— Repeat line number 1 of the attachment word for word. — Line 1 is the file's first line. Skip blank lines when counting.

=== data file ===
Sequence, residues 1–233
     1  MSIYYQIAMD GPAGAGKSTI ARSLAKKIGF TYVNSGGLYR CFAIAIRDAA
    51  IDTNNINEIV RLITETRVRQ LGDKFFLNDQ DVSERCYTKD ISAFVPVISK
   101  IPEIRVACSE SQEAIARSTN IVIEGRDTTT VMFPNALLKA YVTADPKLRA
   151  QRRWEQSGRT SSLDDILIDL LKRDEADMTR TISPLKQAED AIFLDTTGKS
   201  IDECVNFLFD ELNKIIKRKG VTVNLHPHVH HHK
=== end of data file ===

Sequence, residues 1–233